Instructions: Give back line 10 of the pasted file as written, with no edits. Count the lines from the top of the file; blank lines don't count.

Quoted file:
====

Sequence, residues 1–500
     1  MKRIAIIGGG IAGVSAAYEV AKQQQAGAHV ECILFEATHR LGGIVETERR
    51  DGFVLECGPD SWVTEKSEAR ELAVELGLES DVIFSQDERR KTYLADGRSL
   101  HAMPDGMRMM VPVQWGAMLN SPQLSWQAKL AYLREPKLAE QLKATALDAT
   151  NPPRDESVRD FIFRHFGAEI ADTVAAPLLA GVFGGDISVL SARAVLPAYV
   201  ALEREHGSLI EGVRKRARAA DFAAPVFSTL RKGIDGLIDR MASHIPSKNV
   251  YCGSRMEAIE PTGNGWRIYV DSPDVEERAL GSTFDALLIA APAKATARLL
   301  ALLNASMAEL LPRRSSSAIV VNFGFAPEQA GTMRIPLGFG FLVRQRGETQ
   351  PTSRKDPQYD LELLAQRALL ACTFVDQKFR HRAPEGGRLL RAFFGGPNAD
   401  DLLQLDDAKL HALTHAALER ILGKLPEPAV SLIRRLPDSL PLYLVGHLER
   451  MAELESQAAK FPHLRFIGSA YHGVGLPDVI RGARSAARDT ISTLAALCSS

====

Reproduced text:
   401  DLLQLDDAKL HALTHAALER ILGKLPEPAV SLIRRLPDSL PLYLVGHLER